In a bid to tackle the persistent issue of medicine shortages amplified by the COVID-19 pandemic and supply chain disruptions, the European Commission has introduced a series of short-term measures. These measures aim to ensure a continuous supply of pharmaceuticals during the upcoming winter months while the EU works on an extensive reform of pharmaceutical regulations and a more integrated health union.
The COVID-19 pandemic laid bare significant vulnerabilities in the European Union’s pharmaceutical supply chain. Countries across the EU encountered shortages of critical medications as the virus spread, emphasizing the need for a more resilient system. To address this, the European Commission proposed its first major overhaul of pharmaceutical regulations in April, with the goal of creating a health union capable of effectively handling such crises.
A significant short-term measure is the introduction of a voluntary mechanism designed to facilitate cooperation between member states in mitigating medicine shortages across the European Union. Under this scheme, member states can communicate their urgent requirements for medicines currently facing critical shortages. This information is then shared with other member states, allowing them to indicate the availability of surplus stock that can be redistributed to address the shortage. This system ensures that essential medicines reach those in need promptly.
This initiative directly tackles the issue of uneven medication distribution within the EU, where some nations may have surplus medications while others face shortages. The voluntary mechanism promotes cooperation and equity, enabling a more balanced distribution of vital pharmaceuticals. Furthermore, it fosters solidarity among EU member states, reinforcing the notion of a united health union.
Anticipating the challenges of the upcoming winter season in 2024-2025, the European Commission is considering the implementation of a joint buying scheme for antibiotics and medicines used to treat specific respiratory illnesses. The winter months typically exert additional pressure on healthcare systems due to the higher incidence of flu and respiratory infections, making it essential to have an adequate supply of relevant medications.
The collaborative approach sought through the joint buying scheme aims to reduce the risk of shortages in these crucial categories of drugs, offering a preventive solution to potential crises. It allows member states to pool resources and collectively procure these medications, ensuring a stable and sufficient supply during the winter months when demand typically surges.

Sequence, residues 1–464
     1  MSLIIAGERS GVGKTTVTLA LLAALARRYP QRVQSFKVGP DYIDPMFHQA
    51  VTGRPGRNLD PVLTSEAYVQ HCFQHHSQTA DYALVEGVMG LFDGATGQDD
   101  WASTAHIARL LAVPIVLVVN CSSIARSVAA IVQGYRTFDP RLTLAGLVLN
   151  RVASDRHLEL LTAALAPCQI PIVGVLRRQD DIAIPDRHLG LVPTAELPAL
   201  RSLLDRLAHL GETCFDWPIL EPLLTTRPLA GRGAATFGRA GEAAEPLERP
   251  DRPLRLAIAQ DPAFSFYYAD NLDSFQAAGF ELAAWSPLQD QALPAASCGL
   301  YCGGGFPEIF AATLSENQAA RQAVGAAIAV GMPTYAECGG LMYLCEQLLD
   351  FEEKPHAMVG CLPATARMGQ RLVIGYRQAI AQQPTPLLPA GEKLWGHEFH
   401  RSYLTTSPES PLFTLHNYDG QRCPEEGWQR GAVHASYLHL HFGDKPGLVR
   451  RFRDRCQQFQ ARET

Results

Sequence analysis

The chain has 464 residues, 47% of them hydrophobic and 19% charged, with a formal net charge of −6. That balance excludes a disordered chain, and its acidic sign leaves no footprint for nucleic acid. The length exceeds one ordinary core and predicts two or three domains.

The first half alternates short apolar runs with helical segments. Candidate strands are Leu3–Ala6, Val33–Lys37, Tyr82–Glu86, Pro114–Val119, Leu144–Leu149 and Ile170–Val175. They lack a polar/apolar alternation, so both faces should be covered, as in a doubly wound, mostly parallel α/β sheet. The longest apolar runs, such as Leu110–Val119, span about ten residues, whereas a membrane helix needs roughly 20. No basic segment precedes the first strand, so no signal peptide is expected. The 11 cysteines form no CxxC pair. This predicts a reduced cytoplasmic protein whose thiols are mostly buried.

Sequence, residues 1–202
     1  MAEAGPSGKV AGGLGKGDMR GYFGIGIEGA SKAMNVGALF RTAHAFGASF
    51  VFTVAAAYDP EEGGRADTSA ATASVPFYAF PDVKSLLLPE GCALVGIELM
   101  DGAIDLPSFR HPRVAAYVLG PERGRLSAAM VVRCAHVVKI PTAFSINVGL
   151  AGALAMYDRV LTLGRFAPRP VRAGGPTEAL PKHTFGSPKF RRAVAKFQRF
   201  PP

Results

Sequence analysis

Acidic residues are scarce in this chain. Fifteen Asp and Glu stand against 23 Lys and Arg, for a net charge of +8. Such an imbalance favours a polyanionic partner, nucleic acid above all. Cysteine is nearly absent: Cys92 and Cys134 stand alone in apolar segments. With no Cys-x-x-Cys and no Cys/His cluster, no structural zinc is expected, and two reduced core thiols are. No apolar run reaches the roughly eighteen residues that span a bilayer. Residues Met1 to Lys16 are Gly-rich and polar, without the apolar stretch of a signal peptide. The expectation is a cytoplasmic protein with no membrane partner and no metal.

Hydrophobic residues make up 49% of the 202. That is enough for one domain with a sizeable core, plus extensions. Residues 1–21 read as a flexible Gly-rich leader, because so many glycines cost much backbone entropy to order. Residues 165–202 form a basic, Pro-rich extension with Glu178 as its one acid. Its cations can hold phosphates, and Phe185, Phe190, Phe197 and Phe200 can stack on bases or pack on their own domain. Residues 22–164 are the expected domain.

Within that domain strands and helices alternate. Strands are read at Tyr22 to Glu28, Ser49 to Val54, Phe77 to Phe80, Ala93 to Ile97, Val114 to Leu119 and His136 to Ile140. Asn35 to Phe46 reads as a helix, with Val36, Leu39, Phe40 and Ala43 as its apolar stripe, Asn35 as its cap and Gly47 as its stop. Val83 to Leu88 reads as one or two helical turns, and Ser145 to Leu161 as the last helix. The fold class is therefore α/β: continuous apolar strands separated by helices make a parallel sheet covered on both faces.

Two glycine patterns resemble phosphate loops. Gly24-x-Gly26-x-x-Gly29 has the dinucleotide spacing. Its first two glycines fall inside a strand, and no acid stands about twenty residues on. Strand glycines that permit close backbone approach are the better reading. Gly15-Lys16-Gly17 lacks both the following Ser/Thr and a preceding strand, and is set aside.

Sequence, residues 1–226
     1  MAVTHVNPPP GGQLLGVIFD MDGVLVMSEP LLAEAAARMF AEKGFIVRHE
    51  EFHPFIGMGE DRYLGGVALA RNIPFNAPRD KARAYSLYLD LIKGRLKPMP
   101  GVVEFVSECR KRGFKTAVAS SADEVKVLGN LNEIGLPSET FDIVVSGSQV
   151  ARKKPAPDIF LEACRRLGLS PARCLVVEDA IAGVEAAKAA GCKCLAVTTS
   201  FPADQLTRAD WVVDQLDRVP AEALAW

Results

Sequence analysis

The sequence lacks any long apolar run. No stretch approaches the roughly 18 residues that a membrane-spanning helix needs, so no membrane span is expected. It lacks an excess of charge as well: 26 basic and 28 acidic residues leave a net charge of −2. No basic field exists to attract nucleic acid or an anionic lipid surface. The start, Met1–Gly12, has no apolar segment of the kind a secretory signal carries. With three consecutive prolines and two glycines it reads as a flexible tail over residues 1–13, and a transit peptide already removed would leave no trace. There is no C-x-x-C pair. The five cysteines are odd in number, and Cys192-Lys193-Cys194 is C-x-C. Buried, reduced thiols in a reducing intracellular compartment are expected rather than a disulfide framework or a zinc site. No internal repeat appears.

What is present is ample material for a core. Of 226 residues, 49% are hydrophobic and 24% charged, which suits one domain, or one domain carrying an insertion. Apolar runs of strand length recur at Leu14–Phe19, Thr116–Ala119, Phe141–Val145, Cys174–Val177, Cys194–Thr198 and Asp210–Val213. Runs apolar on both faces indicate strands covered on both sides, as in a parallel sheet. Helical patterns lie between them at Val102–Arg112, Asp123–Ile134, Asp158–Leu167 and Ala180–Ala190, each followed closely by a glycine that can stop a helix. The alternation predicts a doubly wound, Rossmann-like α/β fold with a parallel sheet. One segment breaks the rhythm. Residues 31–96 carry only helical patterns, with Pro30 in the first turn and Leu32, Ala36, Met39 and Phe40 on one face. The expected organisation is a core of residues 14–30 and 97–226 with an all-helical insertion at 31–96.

The European Medicines Agency (EMA), in collaboration with member states, is in the final stages of compiling a list of critical medicines. Several EU member states, including Belgium, France, Spain, and Germany, have called for this list to improve the security of supply. The list is expected to be finalized by the year-end, marking a significant step in identifying and prioritizing medicines of the highest public health importance.
Upon the completion of this list, each medication will undergo a vulnerability assessment to determine the specific measures needed to ensure a continuous and reliable supply of these critical medicines. Subsequently, the European Commission will engage in discussions with the pharmaceutical industry to boost production and enhance the EU’s resilience against potential shortages.
Over recent decades, the European Union has become heavily reliant on India and China for generic medicines and essential pharmaceutical ingredients. This dependency developed due to concerns about high pollution levels within the EU, which led to the offshoring of production. In response to these vulnerabilities, the EU is planning to establish a Critical Medicines Alliance in early 2024, acting as a precursor to a comprehensive Critical Medicines Act.
The Critical Medicines Alliance will concentrate on reshoring pharmaceutical production within the EU, diversifying sources of key ingredients, coordinating stockpiling efforts, and establishing pre-reserved production capacity for emergencies, such as the COVID-19 pandemic. This multifaceted approach aims to secure the EU’s pharmaceutical supply chain and protect public health by reducing the risk of future medicine shortages.